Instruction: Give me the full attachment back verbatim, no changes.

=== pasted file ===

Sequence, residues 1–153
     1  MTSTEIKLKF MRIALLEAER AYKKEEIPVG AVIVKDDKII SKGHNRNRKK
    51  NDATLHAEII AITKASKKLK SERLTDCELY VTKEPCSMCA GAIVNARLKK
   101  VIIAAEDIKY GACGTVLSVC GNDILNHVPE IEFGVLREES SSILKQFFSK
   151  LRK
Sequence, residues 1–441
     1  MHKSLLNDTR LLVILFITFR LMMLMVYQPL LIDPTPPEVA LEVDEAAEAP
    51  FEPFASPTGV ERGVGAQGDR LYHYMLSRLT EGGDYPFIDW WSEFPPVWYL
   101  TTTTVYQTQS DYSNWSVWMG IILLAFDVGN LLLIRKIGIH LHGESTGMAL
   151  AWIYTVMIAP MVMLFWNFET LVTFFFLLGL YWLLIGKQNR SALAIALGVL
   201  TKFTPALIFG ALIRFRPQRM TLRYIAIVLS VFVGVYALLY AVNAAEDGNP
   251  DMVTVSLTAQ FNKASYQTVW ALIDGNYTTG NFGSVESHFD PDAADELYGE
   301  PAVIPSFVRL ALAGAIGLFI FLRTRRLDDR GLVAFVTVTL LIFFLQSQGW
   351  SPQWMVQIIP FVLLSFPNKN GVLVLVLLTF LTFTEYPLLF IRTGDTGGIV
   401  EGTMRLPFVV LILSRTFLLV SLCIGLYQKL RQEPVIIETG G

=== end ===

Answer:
Sequence, residues 1–153
     1  MTSTEIKLKF MRIALLEAER AYKKEEIPVG AVIVKDDKII SKGHNRNRKK
    51  NDATLHAEII AITKASKKLK SERLTDCELY VTKEPCSMCA GAIVNARLKK
   101  VIIAAEDIKY GACGTVLSVC GNDILNHVPE IEFGVLREES SSILKQFFSK
   151  LRK
Sequence, residues 1–441
     1  MHKSLLNDTR LLVILFITFR LMMLMVYQPL LIDPTPPEVA LEVDEAAEAP
    51  FEPFASPTGV ERGVGAQGDR LYHYMLSRLT EGGDYPFIDW WSEFPPVWYL
   101  TTTTVYQTQS DYSNWSVWMG IILLAFDVGN LLLIRKIGIH LHGESTGMAL
   151  AWIYTVMIAP MVMLFWNFET LVTFFFLLGL YWLLIGKQNR SALAIALGVL
   201  TKFTPALIFG ALIRFRPQRM TLRYIAIVLS VFVGVYALLY AVNAAEDGNP
   251  DMVTVSLTAQ FNKASYQTVW ALIDGNYTTG NFGSVESHFD PDAADELYGE
   301  PAVIPSFVRL ALAGAIGLFI FLRTRRLDDR GLVAFVTVTL LIFFLQSQGW
   351  SPQWMVQIIP FVLLSFPNKN GVLVLVLLTF LTFTEYPLLF IRTGDTGGIV
   401  EGTMRLPFVV LILSRTFLLV SLCIGLYQKL RQEPVIIETG G